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Law granting limited Abenaki subsistence rights has been long time coming

Published: Jul. 20, 2020 at 4:50 PM EDT|Updated: Jul. 20, 2020 at 5:09 PM EDT
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BURLINGTON, Vt. (WCAX) - Vermont Governor Phil Scott has signed a bill that grants members of four Abenaki tribes recognized by the state, the ability to apply for free, permanent hunting and fishing licenses. As Ike Bendavid reports, the recognition of the limited subsistence rights has been a long time coming.

On a hot summer day, Roland Bluto casts his line into Lake Champlain. "Fishing and hunting has always been a big part of our culture," Bluto said.

The member of the Nulhegan Abenaki tribe, says it was a long-awaited relief when Gov. Scott signed the bill last week welcoming the members of four recognized Abenaki tribes to hunt and fish for free.

“It matters a lot. I don’t know if I can find the right words to express myself on that,” Bluto said.

Don Stevens, chief of the Nulhegan Abenaki tribe, says the issue dates back to historical agreements between their ancestors and the first settlers of our region. "It's important in the fact that we are not asking for anything new. They are basically recognizing those ancient agreements," Stevens said.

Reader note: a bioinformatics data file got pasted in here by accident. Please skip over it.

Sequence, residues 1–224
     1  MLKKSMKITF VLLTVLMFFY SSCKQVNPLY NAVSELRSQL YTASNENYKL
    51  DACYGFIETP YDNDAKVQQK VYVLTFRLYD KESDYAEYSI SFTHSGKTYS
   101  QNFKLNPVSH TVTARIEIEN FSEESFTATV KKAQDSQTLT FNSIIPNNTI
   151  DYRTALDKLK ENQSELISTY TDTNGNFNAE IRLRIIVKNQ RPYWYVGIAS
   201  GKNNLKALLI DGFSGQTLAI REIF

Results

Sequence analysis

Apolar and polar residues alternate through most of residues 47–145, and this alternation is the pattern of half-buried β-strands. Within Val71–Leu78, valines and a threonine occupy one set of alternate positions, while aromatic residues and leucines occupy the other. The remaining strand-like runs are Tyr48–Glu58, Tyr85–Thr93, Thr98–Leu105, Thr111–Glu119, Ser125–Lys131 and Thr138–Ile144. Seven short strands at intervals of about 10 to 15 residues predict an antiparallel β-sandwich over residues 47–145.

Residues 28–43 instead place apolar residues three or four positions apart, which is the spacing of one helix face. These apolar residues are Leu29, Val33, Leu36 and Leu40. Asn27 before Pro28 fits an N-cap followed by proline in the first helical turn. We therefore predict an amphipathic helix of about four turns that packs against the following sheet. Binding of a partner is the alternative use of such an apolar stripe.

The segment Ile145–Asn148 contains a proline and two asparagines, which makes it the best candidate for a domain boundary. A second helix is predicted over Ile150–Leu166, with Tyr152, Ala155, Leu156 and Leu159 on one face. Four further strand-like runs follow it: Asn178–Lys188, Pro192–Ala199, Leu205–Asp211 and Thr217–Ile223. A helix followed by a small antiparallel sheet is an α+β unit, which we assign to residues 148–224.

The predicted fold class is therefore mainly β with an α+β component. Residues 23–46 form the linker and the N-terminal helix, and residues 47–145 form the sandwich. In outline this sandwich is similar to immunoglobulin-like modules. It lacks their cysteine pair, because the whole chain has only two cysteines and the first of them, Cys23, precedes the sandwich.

The law comes after decades of fighting for state tribal recognition and subsistence rights, including unlicensed fishing in protest. Unlike many federally-recognized tribes, the Abenaki have no land base.

Under the law, the approximately 6,000 enrolled members will get their base hunting and fishing licenses for free. It does not include additional add-ons or tags. Chief Stevens says it will help their people get access to natural food sources. “We are still here, we still exist, and we have a lot to contribute,” Stevens said.

Vt. Fish and Wildlife Commissioner Louis Porter says that the department supports the decision. "This is a right, a historical traditional right of the Abenaki that's been denied for a long time," he said.

But there will be a financial impact. Porter says they estimate there will be more then a $45,000 annual loss in revenue, but he says it is a minor piece of the entire department's budget when it comes to the larger picture.

"The most important thing for us is that people get a feel and that they pursue these activities, whether it's hunting and fishing or wildlife watching, that they are engaged with nature and the environment. And obviously, this bill will result in more people being engaged in the environment," Porter said.

Back at the lake, Bluto says he is excited to pass the tradition on for generations."Oh man, it's like watching the sunrise come up on a beautiful morning -- all of a sudden you didn't have it and it and the next day you did," he said.

The law will go into effect in January.

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